The world is reeling from the publication of a new report by the UN Intergovernmental Panel on Climate Change. The Special Report on Global Warming of 1.5°C has sounded the alarm with greater urgency than ever before: we are at a critical point for the future of the planet.
(Published: October 16, 2018)
For the first time, and in contrast to the customarily moderated tone of the panel, the authors warn that the impacts of a global temperature rise of 1.5°C will be much higher than anticipated in previous reports—and that the upper temperature goal of 2.0°C set out in the Paris Climate Agreement would result in catastrophic consequences for people and nature. The report was authored by 133 scientists and draws upon more than 6,000 peer-reviewed scientific articles on climate change.
For those of us who specialize in climate change, it comes as no surprise that the report predicts dire consequences for coastal regions and the agricultural economies of Asia and Africa. What is critically important to us is that, for the first time, the report unequivocally states that limiting global warming to 1.5°C would dramatically reduce devastating economic, social, and environmental impacts that would result from a 2°C temperature increase.
Natural climate solutions are key
As an expert in land-based climate solutions, two things stand out to me about this report: First, it acknowledges the critical importance of nature-based climate solutions and clearly states that enhancing carbon sinks in natural ecosystems is key to limiting warming to 1.5°C. In fact, all emissions reduction pathways that limit global warming to 1.5°C require afforestation and reforestation, land restoration, and soil carbon sequestration. While conventional thinking around the 1.5°C target has focused on reducing fossil fuel use, recent research and analysis confirms that forest conservation and other natural climate solutions are essential in meeting these goals.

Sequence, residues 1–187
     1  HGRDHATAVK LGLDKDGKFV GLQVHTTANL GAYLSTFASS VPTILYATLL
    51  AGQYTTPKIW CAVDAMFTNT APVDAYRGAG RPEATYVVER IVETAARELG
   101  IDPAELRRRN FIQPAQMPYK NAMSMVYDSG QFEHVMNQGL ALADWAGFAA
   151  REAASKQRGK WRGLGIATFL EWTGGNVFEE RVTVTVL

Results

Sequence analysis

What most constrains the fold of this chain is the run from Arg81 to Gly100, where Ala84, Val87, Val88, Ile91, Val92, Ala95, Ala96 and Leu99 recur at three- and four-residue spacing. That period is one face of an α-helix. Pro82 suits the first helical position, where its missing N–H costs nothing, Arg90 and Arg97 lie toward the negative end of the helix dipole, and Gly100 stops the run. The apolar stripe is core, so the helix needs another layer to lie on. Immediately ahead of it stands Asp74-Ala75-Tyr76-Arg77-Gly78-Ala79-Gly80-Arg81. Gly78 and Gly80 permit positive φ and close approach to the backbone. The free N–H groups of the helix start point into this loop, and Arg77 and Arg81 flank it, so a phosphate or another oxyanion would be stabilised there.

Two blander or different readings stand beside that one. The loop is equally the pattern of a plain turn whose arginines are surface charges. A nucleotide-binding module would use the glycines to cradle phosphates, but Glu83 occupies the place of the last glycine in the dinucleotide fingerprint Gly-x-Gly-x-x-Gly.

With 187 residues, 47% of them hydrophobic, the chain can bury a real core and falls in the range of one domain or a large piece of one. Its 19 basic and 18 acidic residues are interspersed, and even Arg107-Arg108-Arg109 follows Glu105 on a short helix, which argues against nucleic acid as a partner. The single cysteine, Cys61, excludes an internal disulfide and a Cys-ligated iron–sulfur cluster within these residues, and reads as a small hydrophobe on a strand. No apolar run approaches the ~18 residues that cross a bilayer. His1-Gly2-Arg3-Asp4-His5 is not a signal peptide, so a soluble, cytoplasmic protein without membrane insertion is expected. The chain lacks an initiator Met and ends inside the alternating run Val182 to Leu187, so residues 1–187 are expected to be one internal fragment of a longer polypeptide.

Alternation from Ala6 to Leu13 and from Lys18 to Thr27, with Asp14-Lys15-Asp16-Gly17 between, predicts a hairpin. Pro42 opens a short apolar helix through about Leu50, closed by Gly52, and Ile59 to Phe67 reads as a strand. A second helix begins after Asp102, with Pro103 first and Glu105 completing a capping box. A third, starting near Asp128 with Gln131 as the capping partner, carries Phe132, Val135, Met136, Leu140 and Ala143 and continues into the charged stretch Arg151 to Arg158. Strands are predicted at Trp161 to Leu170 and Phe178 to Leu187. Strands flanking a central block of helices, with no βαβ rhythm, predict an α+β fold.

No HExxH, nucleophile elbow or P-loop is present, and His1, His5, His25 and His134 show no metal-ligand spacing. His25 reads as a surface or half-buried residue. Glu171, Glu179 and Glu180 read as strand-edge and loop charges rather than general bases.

We need to collaborate
Second, the report puts a heavy emphasis on working together, collective efforts, participatory action, and creating enabling environments. It concludes that a mix of climate adaptation and mitigation options to limit global warming to 1.5°C, implemented in a participatory and integrated manner, can enable rapid, systemic transitions in urban and rural areas. These are most effective when aligned with economic and sustainable development frameworks, and when local and regional decision-makers are supported by national governments.
The report acknowledges a complex challenge related to natural climate solutions: the likelihood of competing land-use interests impacting agricultural and food systems, biodiversity and other ecosystem functions and services. As such, strengthening the governance of national and sub-national authorities, civil society organizations, private sector sustainability commitments, indigenous leadership, and community engagement are imperatives for ensuring successful climate action and the permanence of carbon removal.
At the heart of our mission
Many of the areas that are highlighted above are core to the Rainforest Alliance mission – from the application of climate-smart agriculture to enhancing governance at the landscape level to amplify the voices of local stakeholders in the management of their natural resources. Agroforestry systems (e.g. shade-grown coffee), reforestation, rehabilitation of degraded land areas, and sustainable community forestry are all interventions we use to protect and enhance important carbon sinks and avoid deforestation. Recent top-level research underpins the Rainforest Alliance’s unique approach to conservation, which reduces carbon emissions through natural means.
By highlighting the value and importance of natural climate solutions, which, alongside fossil fuels’ emissions reductions, can help us attain the 1.5°C goal, this report illuminates a clear path forward. Forests offer more than 2/3 of the mitigation potential from terrestrial ecosystems, with reforestation and avoided deforestation playing the most important roles, but current national emissions reductions targets fall far short of achieving the 2°C—let alone the 1.5°C target, particularly regarding contributions from the land-use sector.
No single measure will deliver a silver bullet in the fight to address climate change. In fact, the only way we stand a fighting chance is to join forces to tackle this challenge from every possible angle. With the momentum for climate action accelerating, I sense that we are close to a tipping point that will form the basis for a new climate-informed reality. This awareness is clearing a path for the mainstreaming of climate stewardship into the future. While the world is feverishly developing low-carbon technologies, we mustn’t forget what solutions we already have at hand—let’s see the forest for the trees!
Martin Noponen is the Director for Climate at the Rainforest Alliance